School Choice & Charters

Lawsuit Alleges Political Activity on Taxpayer Dime in Ga.

By Sean Cavanagh — October 08, 2012 1 min read
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A lawsuit filed in Georgia alleges that officials in the Gwinnett and Fulton county school systems—and by extension, other districts across the state—have taken part in political activity on the public dime in opposing a statewide charter schools referendum.

It’s the latest turn in a battle about whether state and local officials improperly used taxpayer resources to take positions against the ballot item, which would establish a state commission with the power to create charter schools over the objections of individual school districts.

The complaint was initiated by an Atlanta lawyer, Glenn Delk, who also initially alleged that State School Superintendent John Barge and his staff were improperly using public resources to take shots at the referendum, which would amend Georgia’s state constitution to create the commission.

The lawsuit, filed in Fulton County Superior Court, says that the Gwinnett and Fulton county school officials have also mixed politics with their official business in opposing the referendum, which goes before voters on Nov. 6.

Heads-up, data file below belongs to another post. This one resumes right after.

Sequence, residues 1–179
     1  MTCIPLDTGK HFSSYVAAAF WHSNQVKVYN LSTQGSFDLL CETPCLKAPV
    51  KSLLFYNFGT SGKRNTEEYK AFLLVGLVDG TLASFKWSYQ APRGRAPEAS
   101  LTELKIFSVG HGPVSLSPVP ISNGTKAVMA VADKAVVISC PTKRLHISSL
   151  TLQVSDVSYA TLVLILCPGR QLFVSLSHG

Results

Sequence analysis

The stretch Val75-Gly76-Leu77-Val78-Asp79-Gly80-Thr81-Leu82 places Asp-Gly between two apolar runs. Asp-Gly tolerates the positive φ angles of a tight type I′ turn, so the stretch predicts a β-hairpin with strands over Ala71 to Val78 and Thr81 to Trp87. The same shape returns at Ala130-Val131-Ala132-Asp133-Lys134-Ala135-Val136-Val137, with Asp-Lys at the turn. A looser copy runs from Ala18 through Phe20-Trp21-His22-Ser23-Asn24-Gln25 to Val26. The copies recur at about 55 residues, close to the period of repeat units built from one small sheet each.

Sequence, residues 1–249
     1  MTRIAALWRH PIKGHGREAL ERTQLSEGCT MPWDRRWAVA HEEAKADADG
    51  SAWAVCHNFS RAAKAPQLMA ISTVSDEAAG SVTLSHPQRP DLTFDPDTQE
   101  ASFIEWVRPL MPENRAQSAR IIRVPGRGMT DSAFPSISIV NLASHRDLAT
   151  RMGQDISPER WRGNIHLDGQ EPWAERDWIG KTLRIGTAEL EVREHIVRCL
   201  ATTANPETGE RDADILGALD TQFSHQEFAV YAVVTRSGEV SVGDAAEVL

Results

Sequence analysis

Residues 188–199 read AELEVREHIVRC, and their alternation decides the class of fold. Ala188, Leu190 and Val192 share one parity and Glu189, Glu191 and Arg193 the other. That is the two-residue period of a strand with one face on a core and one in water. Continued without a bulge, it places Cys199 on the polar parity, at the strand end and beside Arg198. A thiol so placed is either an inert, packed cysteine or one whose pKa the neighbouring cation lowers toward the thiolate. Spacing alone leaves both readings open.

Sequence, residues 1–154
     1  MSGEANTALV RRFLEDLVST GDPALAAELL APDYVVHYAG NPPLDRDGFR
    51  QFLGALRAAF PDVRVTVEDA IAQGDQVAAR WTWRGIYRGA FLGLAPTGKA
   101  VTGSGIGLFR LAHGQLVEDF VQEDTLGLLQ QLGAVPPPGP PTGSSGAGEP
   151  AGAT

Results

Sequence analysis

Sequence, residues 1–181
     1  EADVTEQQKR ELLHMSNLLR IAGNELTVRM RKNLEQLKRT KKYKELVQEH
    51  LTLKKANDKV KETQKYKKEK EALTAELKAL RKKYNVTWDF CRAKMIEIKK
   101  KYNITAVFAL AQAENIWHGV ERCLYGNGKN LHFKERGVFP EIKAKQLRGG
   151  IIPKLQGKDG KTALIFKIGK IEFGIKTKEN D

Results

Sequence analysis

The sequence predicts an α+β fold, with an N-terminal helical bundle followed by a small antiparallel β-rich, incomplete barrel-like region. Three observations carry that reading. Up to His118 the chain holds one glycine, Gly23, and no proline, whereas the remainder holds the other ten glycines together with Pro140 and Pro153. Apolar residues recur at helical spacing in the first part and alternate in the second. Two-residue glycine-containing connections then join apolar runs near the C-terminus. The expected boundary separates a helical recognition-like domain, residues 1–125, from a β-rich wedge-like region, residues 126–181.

The legal action was brought by a group of five plaintiffs who identify themselves as “taxpayers and registered voters” in Georgia, and it names the two school systems as representatives of all school districts throughout the state.

The lawsuit claims that the school district officials have worked against the ballot measure in concert with organizations such as the Georgia School Boards Association and Georgia School Superintendents Association, who are collectively and somewhat ominously referred to as the “Education Empire” in the court document.

In the week after the initial complaint was made about Barge, the schools chief arranged to remove public statements he made about the referendum from his website. A banner was posted last week on the state’s site, saying “Georgia Department of Education Takes No Position on the Charter School Consitutional Amendment.” A spokesman said last week that Barge will continue to offer his “personal opinion” on the referendum.

Delk tells Education Week that Barge is not named in the lawsuit because of the steps he has taken to change his official activities with regard to the ballot measure.

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A version of this news article first appeared in the Charters & Choice blog.